Charlotte Trevella


Writing on the water

Last night’s rain has filled the
dry lake below the hillside.
Beneath an intaglio of willows,
I lie beside a stagnant pool of sky
where the cirrus scrawls
its messages, where eels writhe
beneath the surface.
The image trembles.
A drowning insect oscillates
the clouds.

There is no use hiding anymore.
While trees undress in the
frigid dusk, my
textbook undresses the body,
peeling away epidermis to show
an embroidery of veins,
the frothy blossom
of diseased lungs.

This is a precise season,
geometry’s crystalline ancestor.
On a frozen hillside, it teaches me
the same lessons.
That symmetry is the shivered
surface of a winter lake.

That your face is a meniscus
where the weather writes its stories.
Below the surface, thoughts
quiver like luminous carp
which spiral down to a seafloor
where light
is a foreign language,
where waterweed with trembling
anaemic fronds consumes
cathedrals of the drowned.


Rumpelstiltskin Said

Follow me, kid, I’ll show you something you’ll remember.
I’m heading down country on State Highway 23
to a kingdom called Svar Xarabo.

Naked slaves have built its citadels from the vertebrae
of enemies, its alleyways are paved with topaz
and the women in the marketplace wear crystal collars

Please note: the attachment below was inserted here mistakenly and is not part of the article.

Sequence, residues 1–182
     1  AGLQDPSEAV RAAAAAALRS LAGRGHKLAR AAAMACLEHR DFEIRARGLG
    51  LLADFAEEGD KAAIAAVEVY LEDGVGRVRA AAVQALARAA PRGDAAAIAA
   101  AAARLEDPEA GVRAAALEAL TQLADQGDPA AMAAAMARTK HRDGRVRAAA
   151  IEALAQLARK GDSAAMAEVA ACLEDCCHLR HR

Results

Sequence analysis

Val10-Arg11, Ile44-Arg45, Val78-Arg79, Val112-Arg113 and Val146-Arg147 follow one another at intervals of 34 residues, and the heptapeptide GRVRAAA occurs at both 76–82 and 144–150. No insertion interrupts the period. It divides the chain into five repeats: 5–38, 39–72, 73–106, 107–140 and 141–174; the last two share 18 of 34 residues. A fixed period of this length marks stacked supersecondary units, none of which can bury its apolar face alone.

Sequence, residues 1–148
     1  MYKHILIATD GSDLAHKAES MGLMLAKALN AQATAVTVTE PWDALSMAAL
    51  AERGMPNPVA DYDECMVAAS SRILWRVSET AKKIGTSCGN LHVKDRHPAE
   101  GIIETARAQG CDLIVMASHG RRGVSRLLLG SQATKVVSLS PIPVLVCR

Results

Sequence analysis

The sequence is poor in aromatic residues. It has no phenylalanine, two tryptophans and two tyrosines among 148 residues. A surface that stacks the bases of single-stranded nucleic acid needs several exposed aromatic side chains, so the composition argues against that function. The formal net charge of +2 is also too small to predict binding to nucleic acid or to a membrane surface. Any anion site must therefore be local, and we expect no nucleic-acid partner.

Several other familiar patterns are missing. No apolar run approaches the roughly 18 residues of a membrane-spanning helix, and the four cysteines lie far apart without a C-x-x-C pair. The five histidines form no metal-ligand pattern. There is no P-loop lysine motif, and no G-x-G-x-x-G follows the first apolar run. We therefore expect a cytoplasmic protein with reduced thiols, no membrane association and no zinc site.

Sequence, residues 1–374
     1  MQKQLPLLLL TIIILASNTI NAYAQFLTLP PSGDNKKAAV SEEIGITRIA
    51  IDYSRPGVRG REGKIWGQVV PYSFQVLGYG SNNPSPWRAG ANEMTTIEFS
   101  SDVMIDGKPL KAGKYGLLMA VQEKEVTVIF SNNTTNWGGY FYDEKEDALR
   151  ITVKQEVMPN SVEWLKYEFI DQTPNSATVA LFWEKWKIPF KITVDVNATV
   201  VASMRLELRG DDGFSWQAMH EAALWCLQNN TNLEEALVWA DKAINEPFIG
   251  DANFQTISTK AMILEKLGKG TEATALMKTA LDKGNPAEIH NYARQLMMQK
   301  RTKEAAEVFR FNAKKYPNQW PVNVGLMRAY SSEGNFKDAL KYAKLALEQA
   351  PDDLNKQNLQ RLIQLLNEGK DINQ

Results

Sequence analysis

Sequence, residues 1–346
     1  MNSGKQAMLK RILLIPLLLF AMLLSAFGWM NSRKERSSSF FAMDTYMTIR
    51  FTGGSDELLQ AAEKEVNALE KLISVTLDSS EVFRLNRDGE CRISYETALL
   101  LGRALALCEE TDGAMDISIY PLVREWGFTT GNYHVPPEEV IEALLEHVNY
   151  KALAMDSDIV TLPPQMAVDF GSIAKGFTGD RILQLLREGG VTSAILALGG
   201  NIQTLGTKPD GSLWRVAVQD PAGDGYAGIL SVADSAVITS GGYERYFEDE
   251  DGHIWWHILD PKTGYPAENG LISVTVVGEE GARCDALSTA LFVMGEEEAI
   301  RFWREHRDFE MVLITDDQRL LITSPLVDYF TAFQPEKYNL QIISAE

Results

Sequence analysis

round their necks.

Beneath the minarets and glass cupolas, ocean glitters
like diseased meninges. Come on, dive beneath the surface
through fronds of bright synaptic seaweed.
All the colours of a coma! Onyx, jasper, lapis lazuli.
You are swimming in the cerebrospinal fluid of a god.


You want a bedtime story?

On the steps of the cathedral, there’s a woman selling
apples spiked with methamphetamine.

Doctors curtsey to the brain-dead princess and then
turn off life support.

Underneath a bridge, two children drink from a bottle
of turpentine. The birds devoured their trail of crumbs
a long time ago.


Don’t shoot me, kid, I am only the messenger.
Pity me, the poet, crouched over my spindle
as twilight preens its purple feathers,
my fingers gnarled and wizened, my beard
reaching to the floor.

I want to give you something,
the way that words can be
jeweled dragonflies,
caverns fanged with stalagmites,
the knife wrapped up in coloured paper
fastened with a ribbon
under the Salvation Army Christmas tree.

I want to give you something,
a whisper or a warning,
but what can I tell you that you don’t
already know?

I turn everything to words,
sometimes I feel like Medusa!
Beneath the magic mountain
I am spinning straw from gold.



Charlotte Trevella is a student at the University of Auckland. Her first poetry anthology, Because Paradise, was published in 2009, when she was seventeen. She was winner of the New Zealand Secondary Schools Poetry Competition in 2009 and won the junior division of the NZPS competition for three consecutive years.